Hearing Loss 101 - Types of Hearing Loss
Conductive hearing loss
Conductive hearing loss occurs when there is a problem with the way sound is conducted to the inner ear or cochlea. The problem may lie in the outer ear (pinna or ear canal), eardrum (tympanic membrane) or the middle ear (ossicles and Eustachian tube). The inner ear and auditory nerve remain unaffected in this type of hearing loss.
Some causes of conductive hearing loss can include outer or middle ear infections, complete earwax blockage, deterioration of the middle ear bones (ossicles), fixation of the ossicles (otosclerosis), a hole in the tympanic membrane or absence of the outer ear or middle ear structures.
Conductive hearing losses may be temporary or permanent, depending on the source of the problem. Medical management can correct some cases of conductive hearing loss, while amplification (hearing aids) may be a recommended treatment option in more long-standing or permanent cases.
Individuals with conductive hearing loss may report that sounds are muffled or quiet. Generally, when sounds are made louder, these individuals can hear well again.
Sensorineural hearing loss
Sensorineural hearing loss occurs when there is a problem with the sensory receptors of the hearing system, specifically in the cochlea or auditory nerve of the inner ear. The majority of sensorineural hearing loss occurs as a result of an abnormality or damage to the hair cells in the cochlea. This abnormality prevents sound from being transmitted to the brain normally, resulting in a hearing loss.
The hair cells may have been abnormal since birth (congenital), damaged as a result of genetics, infection, drugs, trauma or over-exposure to noise (late-onset or acquired) or damaged as a result of the aging process, a kind of hearing loss known as presbycusis.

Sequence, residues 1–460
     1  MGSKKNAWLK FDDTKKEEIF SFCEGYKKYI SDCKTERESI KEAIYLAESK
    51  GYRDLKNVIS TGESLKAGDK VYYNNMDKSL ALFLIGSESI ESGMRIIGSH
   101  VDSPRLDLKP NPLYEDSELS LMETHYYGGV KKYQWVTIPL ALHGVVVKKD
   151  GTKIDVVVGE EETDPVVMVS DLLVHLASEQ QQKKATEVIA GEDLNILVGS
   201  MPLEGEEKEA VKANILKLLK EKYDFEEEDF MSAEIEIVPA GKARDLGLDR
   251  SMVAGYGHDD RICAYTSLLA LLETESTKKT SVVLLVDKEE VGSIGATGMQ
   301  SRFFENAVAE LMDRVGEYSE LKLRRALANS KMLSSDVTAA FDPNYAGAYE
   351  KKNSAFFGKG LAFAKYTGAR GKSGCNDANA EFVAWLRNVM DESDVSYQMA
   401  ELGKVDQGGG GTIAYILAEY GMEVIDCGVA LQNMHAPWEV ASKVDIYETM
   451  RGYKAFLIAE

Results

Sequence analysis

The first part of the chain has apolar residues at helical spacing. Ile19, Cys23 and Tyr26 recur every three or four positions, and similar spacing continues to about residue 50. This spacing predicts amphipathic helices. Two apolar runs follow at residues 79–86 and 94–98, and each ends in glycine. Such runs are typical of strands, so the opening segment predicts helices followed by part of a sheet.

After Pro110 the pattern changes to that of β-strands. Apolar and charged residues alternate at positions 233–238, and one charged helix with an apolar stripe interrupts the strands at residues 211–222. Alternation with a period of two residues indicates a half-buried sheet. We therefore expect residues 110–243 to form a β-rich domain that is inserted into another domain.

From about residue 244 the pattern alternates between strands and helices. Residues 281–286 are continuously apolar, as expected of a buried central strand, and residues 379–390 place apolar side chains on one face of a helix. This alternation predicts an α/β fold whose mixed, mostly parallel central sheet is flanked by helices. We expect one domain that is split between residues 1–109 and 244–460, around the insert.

Sensorineural hearing losses are generally permanent and some remain stable over time while others worsen. For this reason, routine hearing tests are important to monitor for changes in the degree and shape of the hearing loss.
Treatment options, including hearing aids or cochlear implants in the most severe cases, are common recommendations.
Mixed hearing loss
When both sensorineural hearing loss and conducive hearing loss occur in combination, it is referred to as a mixed hearing loss. It is, very literally, a mix of sensorineural and conductive hearing losses. This means there is a problem in the inner ear as well as in the outer or middle ear. The conductive hearing loss may be temporary or permanent, depending on the source of the problem. Mixed hearing loss can sometimes be treated with medical management and hearing aids are a common treatment recommendation.
Ready to get help your hearing loss or have questions? Call us today at 828-627-1950 to schedule your evaluation at either our Clyde or Franklin locations. Our Doctors of Audiology are here to help!